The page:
The Biltmore Estate sits on approximately 8,000 acres and has many gardens on its property; it is the largest estate in the United States. Dutton worked mainly in the Historical Garden. She planted and maintained many varieties of annuals and perennials, many of which she had never seen. A typical day for her was watering gardens and baskets, planting in various beds, composting, and working in the Butterfly and Rose Gardens.

Dutton assisted with the first International Rose Trial held on the East Coast. The trial identified which species of roses grow well in that climate. She learned how to deadhead roses and identify pests and diseases.

Throughout the summer, Dutton created a database and tracking system for all the tropical plants on the estate.

During her time at the Biltmore Estate, Dutton learned valuable skills such as driving a stick shift and a tractor. She was also able to visit several of the 250 rooms in the house the public does not get to see.

There was always wildlife to see on the estate, including the occasional bear.

Asheville is a very culturally diverse area providing different food and recreation. Dutton was able to buy fresh fruits, vegetables and eggs from the estate and from local farmers.

"I wouldn’t take back my experience there for the world," Dutton remarked. "It spiked my knowledge in the classroom and gave me a very practical experience. The longer I am away from the Biltmore Estate the more I want to go back."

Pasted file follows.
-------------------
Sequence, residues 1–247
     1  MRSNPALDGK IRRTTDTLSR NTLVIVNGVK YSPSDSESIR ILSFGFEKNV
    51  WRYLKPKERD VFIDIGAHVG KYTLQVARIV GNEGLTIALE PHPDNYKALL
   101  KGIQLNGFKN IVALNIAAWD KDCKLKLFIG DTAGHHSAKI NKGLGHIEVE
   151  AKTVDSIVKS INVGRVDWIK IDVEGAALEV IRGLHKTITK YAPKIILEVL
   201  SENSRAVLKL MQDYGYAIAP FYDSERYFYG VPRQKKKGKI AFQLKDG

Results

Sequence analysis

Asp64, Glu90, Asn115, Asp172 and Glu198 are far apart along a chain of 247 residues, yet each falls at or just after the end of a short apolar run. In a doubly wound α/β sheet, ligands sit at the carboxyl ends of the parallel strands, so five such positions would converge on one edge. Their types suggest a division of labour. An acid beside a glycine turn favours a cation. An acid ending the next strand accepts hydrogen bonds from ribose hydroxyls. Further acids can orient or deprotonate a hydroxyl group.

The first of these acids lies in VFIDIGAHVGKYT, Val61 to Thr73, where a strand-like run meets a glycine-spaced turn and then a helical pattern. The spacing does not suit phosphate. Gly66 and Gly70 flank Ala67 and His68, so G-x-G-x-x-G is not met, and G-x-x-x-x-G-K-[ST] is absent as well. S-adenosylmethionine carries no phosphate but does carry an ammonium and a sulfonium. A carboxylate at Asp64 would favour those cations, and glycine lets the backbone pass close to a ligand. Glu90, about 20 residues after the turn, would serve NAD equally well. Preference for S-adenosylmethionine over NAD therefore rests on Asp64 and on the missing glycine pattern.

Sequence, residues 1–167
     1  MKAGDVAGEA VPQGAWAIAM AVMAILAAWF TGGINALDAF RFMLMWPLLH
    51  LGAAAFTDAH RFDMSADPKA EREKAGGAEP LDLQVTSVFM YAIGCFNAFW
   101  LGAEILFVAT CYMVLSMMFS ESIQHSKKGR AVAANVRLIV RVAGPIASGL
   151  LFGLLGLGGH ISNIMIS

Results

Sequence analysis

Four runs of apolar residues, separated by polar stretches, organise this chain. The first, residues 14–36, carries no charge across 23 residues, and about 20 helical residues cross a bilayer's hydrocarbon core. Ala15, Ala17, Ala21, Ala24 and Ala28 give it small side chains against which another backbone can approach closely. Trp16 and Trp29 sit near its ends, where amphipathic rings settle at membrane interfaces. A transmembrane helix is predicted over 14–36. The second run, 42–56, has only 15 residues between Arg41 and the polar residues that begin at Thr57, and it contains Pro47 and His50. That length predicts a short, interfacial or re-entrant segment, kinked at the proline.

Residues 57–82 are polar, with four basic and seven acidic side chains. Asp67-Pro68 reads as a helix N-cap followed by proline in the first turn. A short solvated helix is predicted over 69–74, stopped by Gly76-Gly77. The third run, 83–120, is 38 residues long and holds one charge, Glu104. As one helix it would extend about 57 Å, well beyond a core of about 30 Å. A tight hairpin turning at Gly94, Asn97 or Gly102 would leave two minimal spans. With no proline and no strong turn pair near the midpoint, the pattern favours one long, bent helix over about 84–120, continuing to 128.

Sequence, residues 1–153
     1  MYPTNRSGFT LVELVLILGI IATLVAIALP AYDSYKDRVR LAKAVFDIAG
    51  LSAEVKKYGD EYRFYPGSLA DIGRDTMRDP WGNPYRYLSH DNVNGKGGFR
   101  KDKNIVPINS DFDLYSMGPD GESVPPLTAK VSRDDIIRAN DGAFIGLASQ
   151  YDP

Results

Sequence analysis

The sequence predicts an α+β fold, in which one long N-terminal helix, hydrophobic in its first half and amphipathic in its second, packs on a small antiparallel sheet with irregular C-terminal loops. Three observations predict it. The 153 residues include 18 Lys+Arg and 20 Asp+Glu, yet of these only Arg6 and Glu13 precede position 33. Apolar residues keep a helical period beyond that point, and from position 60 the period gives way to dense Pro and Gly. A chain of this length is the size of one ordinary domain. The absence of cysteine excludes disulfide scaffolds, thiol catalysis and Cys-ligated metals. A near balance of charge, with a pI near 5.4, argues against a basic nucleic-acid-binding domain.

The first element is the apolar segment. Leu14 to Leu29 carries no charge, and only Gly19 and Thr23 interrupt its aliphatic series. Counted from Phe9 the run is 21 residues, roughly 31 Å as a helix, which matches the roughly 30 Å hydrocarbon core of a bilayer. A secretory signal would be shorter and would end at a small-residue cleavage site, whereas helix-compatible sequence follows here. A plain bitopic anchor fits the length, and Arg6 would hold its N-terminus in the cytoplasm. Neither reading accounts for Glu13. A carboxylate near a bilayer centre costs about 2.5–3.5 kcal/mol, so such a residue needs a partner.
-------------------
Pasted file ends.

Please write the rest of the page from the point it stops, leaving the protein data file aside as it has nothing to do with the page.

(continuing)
When Dutton did come back to campus this past fall, she had lunch with two friends and they suggested she run for Miss Homecoming. She was sponsored by the Professional Landcare Network Club on campus and began her campaign, fittingly titled "Light Up Life."

During Homecoming Week, Dutton’s green and yellow shirts could be seen all over campus. Her campaign staff and friends worked to get her story out to the 25,000 students on Auburn’s campus. They worked to spread the word through YouTube videos, daisies and literature emphasizing options available to young women during crisis pregnancies.

Molly Anne Dutton was featured on “Fox and Friends” on the morning of October 16 after her story started spreading on the Internet. Through Fox, she was able to tell her story to thousands, if not millions, of viewers.  

"Because that resource was made available to my mother, she decided to give birth to me and here I am talking to you 22 years later," Dutton stated in one of her campaign videos for "Light Up Life."

Her inspiring story swept the Auburn campus and she was crowned Homecoming Queen on October 12. By the following Monday morning, her story was being told by bloggers and news stations across the country. On Wednesday morning it was featured on "Fox and Friends," so Dutton was able to share her story with millions on national television.

Through her "Light Up Life" campaign, Dutton is working to show how adoption can bring light into a dark situation.

"I was given grace to carry that story," she said. "My story is a voice for the voiceless."

Jade Currid is a freelance writer from Auburn.